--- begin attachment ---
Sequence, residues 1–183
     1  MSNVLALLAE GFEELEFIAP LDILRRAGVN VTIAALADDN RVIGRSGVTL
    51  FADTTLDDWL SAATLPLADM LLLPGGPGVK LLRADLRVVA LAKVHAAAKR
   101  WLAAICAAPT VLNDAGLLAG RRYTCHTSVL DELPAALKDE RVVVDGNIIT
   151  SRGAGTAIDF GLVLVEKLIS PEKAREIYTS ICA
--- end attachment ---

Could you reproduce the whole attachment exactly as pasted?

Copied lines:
Sequence, residues 1–183
     1  MSNVLALLAE GFEELEFIAP LDILRRAGVN VTIAALADDN RVIGRSGVTL
    51  FADTTLDDWL SAATLPLADM LLLPGGPGVK LLRADLRVVA LAKVHAAAKR
   101  WLAAICAAPT VLNDAGLLAG RRYTCHTSVL DELPAALKDE RVVVDGNIIT
   151  SRGAGTAIDF GLVLVEKLIS PEKAREIYTS ICA